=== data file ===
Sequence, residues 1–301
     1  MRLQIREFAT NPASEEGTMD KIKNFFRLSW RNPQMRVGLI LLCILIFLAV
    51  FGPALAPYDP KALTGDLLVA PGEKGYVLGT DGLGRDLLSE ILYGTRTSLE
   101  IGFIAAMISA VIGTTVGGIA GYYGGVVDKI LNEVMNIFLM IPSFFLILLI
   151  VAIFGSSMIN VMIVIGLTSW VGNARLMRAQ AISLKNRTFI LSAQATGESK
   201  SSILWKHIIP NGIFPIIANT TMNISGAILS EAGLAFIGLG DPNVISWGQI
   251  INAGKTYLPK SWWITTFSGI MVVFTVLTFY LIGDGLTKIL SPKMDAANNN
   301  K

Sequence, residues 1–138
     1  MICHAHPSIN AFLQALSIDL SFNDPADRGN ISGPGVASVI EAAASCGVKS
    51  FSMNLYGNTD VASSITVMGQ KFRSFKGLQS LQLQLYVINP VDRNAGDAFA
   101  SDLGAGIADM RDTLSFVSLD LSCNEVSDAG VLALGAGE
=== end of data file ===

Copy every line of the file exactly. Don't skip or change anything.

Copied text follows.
Sequence, residues 1–301
     1  MRLQIREFAT NPASEEGTMD KIKNFFRLSW RNPQMRVGLI LLCILIFLAV
    51  FGPALAPYDP KALTGDLLVA PGEKGYVLGT DGLGRDLLSE ILYGTRTSLE
   101  IGFIAAMISA VIGTTVGGIA GYYGGVVDKI LNEVMNIFLM IPSFFLILLI
   151  VAIFGSSMIN VMIVIGLTSW VGNARLMRAQ AISLKNRTFI LSAQATGESK
   201  SSILWKHIIP NGIFPIIANT TMNISGAILS EAGLAFIGLG DPNVISWGQI
   251  INAGKTYLPK SWWITTFSGI MVVFTVLTFY LIGDGLTKIL SPKMDAANNN
   301  K

Sequence, residues 1–138
     1  MICHAHPSIN AFLQALSIDL SFNDPADRGN ISGPGVASVI EAAASCGVKS
    51  FSMNLYGNTD VASSITVMGQ KFRSFKGLQS LQLQLYVINP VDRNAGDAFA
   101  SDLGAGIADM RDTLSFVSLD LSCNEVSDAG VLALGAGE